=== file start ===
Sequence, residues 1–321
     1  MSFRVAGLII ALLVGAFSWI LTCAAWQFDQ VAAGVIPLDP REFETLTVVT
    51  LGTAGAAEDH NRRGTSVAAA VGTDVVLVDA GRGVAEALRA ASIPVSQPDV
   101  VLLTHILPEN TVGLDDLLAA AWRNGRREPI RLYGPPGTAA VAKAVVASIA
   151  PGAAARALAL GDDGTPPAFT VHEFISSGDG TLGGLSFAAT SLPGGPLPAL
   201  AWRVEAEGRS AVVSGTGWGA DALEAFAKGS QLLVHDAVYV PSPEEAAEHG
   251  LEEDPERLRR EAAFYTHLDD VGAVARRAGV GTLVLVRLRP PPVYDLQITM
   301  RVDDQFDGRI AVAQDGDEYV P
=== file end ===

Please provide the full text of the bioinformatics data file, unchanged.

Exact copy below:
Sequence, residues 1–321
     1  MSFRVAGLII ALLVGAFSWI LTCAAWQFDQ VAAGVIPLDP REFETLTVVT
    51  LGTAGAAEDH NRRGTSVAAA VGTDVVLVDA GRGVAEALRA ASIPVSQPDV
   101  VLLTHILPEN TVGLDDLLAA AWRNGRREPI RLYGPPGTAA VAKAVVASIA
   151  PGAAARALAL GDDGTPPAFT VHEFISSGDG TLGGLSFAAT SLPGGPLPAL
   201  AWRVEAEGRS AVVSGTGWGA DALEAFAKGS QLLVHDAVYV PSPEEAAEHG
   251  LEEDPERLRR EAAFYTHLDD VGAVARRAGV GTLVLVRLRP PPVYDLQITM
   301  RVDDQFDGRI AVAQDGDEYV P